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Amazon's New Silk Browser Explained

The upcoming Amazon Kindle Fire tablet will have a new kind of browser. Here's why it matters to you.

Among the features in Amazon's just-announced Kindle Fire tablet is a new browser called Amazon Silk. Silk is what Amazon calls a cloud-accelerated web browser, which splits the task of loading webpages between the Fire and Amazon's servers. One half of the Web processing magic is handled up in the cloud, with the other half carried out directly on the Kindle Fire itself, with the goal of reducing how long it takes to load pages.

Although this idea isn't new (Opera Mini works in a similar way), Amazon CEO Jeff Bezos explained that this new browser "will take out a lot of the delays in loading a website."

A video explanation explains how Amazon's implementation works.

How does it work?

Silk works its magic with the help of Amazon's EC2 (Elastic Computing Cloud) service. EC2 effectively acts as the middleman, sitting between you and your webpages, simplifying them for what's considered "mobile" consumption.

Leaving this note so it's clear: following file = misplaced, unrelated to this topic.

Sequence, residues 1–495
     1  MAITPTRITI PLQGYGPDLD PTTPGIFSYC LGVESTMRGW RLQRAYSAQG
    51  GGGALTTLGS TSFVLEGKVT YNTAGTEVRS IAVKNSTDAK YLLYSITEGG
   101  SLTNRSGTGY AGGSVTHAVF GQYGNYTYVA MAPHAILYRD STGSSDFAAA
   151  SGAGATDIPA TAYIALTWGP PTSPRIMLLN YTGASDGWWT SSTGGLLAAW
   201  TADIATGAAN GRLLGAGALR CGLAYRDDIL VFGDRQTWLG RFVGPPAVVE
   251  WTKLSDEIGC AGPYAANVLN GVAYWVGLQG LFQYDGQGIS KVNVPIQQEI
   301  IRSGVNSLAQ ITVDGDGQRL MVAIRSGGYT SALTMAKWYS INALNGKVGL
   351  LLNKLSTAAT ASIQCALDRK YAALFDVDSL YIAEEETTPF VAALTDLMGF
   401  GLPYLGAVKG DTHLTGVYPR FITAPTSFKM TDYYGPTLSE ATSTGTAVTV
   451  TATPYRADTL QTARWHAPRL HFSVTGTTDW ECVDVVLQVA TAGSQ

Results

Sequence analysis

This simplification technique involves a whole host of processes, such as file compression, page caching, and local file storage.

In practice this could result in a 3MB image being optimized down to a more mobile-friendly 50KB file. It could also mean storing commonly accessed files directly on the Fire tablet and doing away with the need to reload them each and every time you visit a certain site.

Silk will also try to predict your browsing habits based on what others do. This prediction practice will try and guess what pages you are going to visit next, and will then pre-load them in advance.

All these background processes should result in lower bandwidth use and faster page loading. Oh, and if EC2 goes offline, Silk will switch to a backup mode where it renders everything on the Kindle Fire itself. This may mean slower page load times while EC2 is down, but you shouldn't experience any downtime.

So, could this be the ultimate tablet-based browser? It offers Flash, it has the might of Amazon EC2 behind it and it promises to run super-fast. We'll see how it fares when we actually get to play with it, but it sure sounds good to me.

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